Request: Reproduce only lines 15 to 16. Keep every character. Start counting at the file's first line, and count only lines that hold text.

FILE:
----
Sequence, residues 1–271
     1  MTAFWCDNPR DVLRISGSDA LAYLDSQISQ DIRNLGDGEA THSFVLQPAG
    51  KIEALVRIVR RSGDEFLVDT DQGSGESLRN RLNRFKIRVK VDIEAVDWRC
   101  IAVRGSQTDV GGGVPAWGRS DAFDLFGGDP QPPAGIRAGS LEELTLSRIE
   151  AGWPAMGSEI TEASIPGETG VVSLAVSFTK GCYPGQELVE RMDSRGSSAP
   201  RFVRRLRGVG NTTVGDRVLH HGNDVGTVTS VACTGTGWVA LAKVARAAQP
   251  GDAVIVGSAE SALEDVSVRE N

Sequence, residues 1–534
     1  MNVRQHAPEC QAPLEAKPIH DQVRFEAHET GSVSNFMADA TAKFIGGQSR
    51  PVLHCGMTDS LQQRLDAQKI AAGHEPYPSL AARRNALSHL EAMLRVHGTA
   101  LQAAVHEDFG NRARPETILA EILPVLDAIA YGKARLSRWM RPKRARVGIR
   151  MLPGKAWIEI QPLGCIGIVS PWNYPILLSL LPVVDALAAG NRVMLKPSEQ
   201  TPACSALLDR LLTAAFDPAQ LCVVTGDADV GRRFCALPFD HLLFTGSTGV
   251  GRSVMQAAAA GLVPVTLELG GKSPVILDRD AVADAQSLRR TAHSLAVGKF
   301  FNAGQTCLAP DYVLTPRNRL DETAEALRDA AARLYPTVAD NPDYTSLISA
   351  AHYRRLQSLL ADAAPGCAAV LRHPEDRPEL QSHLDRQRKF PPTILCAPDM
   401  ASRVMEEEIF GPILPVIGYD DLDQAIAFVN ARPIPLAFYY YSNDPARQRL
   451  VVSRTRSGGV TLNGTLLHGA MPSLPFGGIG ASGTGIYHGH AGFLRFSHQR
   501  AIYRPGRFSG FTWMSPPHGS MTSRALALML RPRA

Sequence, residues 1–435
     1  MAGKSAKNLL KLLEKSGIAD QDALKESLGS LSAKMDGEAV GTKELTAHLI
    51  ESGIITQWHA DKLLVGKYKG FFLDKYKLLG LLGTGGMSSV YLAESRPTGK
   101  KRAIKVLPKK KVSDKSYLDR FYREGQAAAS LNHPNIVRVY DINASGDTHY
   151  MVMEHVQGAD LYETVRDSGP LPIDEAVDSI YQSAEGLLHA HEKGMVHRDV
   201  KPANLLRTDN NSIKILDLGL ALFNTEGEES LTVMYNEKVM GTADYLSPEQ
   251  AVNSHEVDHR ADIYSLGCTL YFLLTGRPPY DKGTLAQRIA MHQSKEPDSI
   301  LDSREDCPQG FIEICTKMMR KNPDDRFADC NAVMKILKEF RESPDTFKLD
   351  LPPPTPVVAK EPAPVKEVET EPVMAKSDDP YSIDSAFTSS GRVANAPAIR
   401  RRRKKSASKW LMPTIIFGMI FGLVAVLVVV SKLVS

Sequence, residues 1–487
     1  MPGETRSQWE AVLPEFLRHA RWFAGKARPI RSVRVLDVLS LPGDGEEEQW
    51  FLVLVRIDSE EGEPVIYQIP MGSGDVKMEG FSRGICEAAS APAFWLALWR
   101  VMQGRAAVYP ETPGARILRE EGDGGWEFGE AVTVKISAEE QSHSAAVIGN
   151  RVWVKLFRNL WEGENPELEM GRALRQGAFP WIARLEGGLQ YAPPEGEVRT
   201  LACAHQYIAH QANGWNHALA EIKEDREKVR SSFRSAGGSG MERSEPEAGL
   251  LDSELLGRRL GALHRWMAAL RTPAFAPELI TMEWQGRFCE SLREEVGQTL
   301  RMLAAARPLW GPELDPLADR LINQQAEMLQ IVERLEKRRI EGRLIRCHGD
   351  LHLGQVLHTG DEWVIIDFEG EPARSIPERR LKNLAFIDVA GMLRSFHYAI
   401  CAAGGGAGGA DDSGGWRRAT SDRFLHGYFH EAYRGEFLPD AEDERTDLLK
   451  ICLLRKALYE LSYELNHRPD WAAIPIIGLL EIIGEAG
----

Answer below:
   301  FNAGQTCLAP DYVLTPRNRL DETAEALRDA AARLYPTVAD NPDYTSLISA
   351  AHYRRLQSLL ADAAPGCAAV LRHPEDRPEL QSHLDRQRKF PPTILCAPDM